"There's a million reasons why people get ahold of us," Long said. "It's also that we're asked to go to many different events."

She said she was "honored to be invited" to a recent ceremony at Valley Cares, "when a resident there received a military award from the French government" ["Highest honors: Townshend veteran Richard Jackson, 100, will receive the Légion d'Honneur for his service in World War II," News, May 29].

"I represent Townshend," Long said. "I wouldn't miss that for the world."

If a person can afford it, being a legislator offers a widening, deepening, enriching, and broadening experience, Long said.

"When you're a legislator, you make a ton of contacts that you would have never had in your community had you not been a candidate and run for election or served in the Legislature," Long said. "So you get a much broader perspective of your district as a legislator than you ever would have as a citizen."

Still, running for office is hard, Long said. There's at least a 1-in-2 chance that a candidate will face an overwhelming rejection at the ballot box.

"You weed out an awful lot of people who would be perfect legislators," Long said.

Always looking ahead

For Long, recruitment doesn't stop when a candidate wins an election.

"One of the first things I tell candidates is that you should always have somebody in mind who would take over for you or run for your position if you choose not to run again," Long said.

"This is true for anyone. Even if you're serving in the Legislature and you think you're going to be there for the next 10 years, you still should have somebody in mind, because I have seen so many times where life takes over people's lives," she added.

Roberts, for example, is leaving because he and his fiancée are having a baby.

"So I always encourage people to have in mind somebody who might be willing to have a conversation about whether they would want to run," Long said. "So that's a start to everything as far as recruitment goes. It starts there."

Long said she sometimes meets people and immediately thinks, "Oh, she'd be great!" But there is no formal pitch.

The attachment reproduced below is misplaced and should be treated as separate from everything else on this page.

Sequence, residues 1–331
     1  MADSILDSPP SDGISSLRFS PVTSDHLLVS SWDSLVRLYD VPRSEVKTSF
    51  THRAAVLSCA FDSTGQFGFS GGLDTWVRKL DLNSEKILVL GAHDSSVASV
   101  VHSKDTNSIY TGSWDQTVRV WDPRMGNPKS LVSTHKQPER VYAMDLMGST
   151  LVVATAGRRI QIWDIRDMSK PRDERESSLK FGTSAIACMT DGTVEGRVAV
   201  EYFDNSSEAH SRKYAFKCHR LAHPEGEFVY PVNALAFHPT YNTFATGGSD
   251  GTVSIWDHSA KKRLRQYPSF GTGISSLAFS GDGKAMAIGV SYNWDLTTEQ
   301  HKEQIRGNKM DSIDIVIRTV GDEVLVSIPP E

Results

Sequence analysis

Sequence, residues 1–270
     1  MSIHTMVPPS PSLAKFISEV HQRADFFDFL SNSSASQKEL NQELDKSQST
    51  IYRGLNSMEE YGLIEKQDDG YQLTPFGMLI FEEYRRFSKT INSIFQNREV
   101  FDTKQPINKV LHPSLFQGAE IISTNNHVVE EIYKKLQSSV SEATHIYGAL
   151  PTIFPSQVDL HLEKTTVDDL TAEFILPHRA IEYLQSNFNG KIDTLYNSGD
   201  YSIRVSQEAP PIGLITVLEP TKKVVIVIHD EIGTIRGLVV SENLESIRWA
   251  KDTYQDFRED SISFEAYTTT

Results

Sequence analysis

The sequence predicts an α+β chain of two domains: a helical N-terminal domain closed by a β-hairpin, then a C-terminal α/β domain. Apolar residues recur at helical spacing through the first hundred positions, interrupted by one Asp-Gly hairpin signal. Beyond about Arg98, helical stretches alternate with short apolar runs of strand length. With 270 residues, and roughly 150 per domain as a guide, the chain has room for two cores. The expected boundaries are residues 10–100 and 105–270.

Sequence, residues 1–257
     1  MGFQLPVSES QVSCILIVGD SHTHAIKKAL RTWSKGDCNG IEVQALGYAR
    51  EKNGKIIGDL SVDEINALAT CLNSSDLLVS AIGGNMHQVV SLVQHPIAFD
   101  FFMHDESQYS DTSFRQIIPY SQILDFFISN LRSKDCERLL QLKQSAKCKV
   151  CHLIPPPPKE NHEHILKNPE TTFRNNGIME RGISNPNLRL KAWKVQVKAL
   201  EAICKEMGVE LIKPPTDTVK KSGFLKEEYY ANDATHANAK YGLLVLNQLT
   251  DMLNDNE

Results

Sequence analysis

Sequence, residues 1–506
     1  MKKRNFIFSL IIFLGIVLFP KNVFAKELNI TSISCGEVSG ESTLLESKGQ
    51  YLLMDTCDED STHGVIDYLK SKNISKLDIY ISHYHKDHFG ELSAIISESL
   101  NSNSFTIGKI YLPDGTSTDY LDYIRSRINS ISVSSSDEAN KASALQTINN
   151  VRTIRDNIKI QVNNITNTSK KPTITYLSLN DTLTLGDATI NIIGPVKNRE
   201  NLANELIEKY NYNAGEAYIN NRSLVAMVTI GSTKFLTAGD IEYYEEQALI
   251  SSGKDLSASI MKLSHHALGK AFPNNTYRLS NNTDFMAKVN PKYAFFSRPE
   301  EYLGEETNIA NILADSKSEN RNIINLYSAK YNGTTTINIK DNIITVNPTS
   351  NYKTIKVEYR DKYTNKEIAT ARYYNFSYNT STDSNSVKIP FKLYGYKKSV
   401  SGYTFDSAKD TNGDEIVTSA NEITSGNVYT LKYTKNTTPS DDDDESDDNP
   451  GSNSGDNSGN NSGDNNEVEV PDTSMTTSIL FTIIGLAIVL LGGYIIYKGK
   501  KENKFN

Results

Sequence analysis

"It's really about an individual," Long said. "Mostly it's a matter of conversation. If you're approaching somebody who's never considered it before, almost every single time, people say 'I can't believe I'm being asked' or 'I've never thought of myself that way.'

"It happened to me when I was approached to run," she said.

Long was approached by former Rep. Richard Marek when he decided to retire after six terms. He called and asked whether she was interested in taking over his seat. She said she didn't know if she was the first person he called, or the fifth.

But it didn't matter.

"I remember thinking, 'Me?,'" Long said. "I think most people think that, too."

At the time, Long was president of the Vermont School Boards Association, and part of her job was testifying in front of the Legislature. So she was familiar with the State House, she thought.

"But in retrospect, I knew nothing," she said. "I thought I knew a lot about it."

But she did know how the Legislature worked.

"I knew how bills were drafted and how they were discussed and debated and voted on. Because I played a role in that," she said. "So it wasn't surprising that that I was asked, and I was still surprised."

Tough choices

Making the decision to run is difficult.

"It doesn't matter where you're coming from or who you are," Long said. "There are some people, on a rare occasion, who have been thinking about it for years. Then suddenly, they decide they want to run."

Then there are others who think about it only when someone announces their retirement, she said.